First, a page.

As the pandemic drags on in the US, with more than 6.5 million cases and 195,000 confirmed deaths as of Tuesday, the country is trapped in a spiral and making the same errors that have undermined an effective response all along, Ed Yong writes in The Atlantic. “This country could use measures that other nations did, to great effect: close nonessential businesses and spaces that allow crowds to congregate indoors; improve ventilation; encourage mask use; test widely to identify contagious people; trace their contacts; help them isolate themselves; and provide a social safety net so that people can protect others without sacrificing their livelihood. None of these other nations did everything, but all did enough things right—and did them simultaneously.” The US, by contrast, has steadfastly resisted a comprehensive, sustained strategy. 

The ever-mounting Covid toll has increased pressure to develop a vaccine. While drug companies are moving forward at unprecedented speed and said they prioritized the inclusion of diverse volunteers in clinical trials, targeted recruitment has lagged and people of color are underrepresented in the research, NPR reports

In a New York Times op-ed, the presidents of Howard University, Morehouse School of Medicine, Charles R. Drew University of Medicine and Science, and Meharry Medical College, call on pharmaceutical firms and the federal government to step up efforts to reach Black and Latinx volunteers, in part by expanding the trials to the two historically Black and Black-serving medical schools not currently involved and by enlisting Historically Black Colleges and Universities to do outreach and foster trust. Helene Cooper, a Black New York Times correspondent, writes of her experience as a vaccine volunteer.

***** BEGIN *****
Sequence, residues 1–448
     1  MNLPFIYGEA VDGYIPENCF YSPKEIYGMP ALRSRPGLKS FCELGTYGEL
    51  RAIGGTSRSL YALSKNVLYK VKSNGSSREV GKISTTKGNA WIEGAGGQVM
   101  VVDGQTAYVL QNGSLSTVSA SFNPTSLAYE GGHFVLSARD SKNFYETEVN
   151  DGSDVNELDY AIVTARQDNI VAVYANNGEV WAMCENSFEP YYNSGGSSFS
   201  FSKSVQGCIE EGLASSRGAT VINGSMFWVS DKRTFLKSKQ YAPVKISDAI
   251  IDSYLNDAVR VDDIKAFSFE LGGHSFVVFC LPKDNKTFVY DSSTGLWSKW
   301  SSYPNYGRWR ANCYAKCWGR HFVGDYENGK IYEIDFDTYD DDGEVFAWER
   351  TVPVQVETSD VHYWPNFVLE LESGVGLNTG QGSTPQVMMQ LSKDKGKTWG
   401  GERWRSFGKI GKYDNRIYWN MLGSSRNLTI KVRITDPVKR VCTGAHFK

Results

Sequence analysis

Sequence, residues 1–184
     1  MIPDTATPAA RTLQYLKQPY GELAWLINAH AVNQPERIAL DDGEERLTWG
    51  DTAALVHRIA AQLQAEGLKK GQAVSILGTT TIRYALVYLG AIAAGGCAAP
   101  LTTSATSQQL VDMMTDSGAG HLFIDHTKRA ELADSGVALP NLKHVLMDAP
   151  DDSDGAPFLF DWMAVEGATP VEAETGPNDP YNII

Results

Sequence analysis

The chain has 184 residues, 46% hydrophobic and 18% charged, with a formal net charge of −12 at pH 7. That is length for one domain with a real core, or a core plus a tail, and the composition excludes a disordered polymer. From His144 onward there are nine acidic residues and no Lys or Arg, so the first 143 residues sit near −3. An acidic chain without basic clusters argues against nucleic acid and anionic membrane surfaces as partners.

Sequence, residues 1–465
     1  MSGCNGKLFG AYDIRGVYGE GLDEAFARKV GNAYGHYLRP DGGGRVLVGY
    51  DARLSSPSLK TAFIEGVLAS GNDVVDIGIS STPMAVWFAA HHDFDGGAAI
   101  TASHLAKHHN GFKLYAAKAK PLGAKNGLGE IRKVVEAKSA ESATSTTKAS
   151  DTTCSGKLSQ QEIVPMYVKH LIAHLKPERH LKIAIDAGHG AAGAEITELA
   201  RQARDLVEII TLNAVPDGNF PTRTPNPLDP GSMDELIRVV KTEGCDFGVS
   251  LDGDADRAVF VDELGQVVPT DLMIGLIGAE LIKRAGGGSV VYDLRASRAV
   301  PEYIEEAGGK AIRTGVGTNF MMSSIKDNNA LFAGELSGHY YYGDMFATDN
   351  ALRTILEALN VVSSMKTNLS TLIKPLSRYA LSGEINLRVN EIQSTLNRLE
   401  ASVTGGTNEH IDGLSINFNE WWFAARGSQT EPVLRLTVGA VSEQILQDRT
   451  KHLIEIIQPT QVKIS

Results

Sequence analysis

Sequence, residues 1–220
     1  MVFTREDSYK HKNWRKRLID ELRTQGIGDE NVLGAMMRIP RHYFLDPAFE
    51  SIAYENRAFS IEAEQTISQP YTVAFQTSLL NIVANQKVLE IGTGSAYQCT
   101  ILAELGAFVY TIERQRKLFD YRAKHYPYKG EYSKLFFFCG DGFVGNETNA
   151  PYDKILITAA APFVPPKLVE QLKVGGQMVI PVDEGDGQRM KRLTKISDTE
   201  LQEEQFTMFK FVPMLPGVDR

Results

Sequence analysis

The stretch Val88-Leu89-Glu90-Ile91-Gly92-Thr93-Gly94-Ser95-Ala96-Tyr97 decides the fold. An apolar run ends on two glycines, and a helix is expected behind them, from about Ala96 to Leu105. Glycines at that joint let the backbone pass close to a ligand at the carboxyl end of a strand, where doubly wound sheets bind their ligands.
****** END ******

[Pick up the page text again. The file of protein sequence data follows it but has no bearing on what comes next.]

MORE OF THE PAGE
Despite the recent ban on evictions by the Centers for Disease Control and Prevention, many renters are getting thrown out of their homes, as Houston Public Media reports in an NPR piece. The CDC ban has tight restrictions and bureaucratic hurdles for renters. In Houston, only one renter in 100 was able to use the ban to stop eviction.

The number of New Yorkers experiencing homelessness is at its highest since the Great Depression, and children are the largest demographic. As a result, the city has seen a 70 percent increase in unhoused public school students, a trend echoed nationwide and bound to get worse as the US braces for a wave of evictions. The New York Times profiles several children as they try to navigate brutal conditions that undermined education even before the pandemic upended the school system and further frayed the safety net.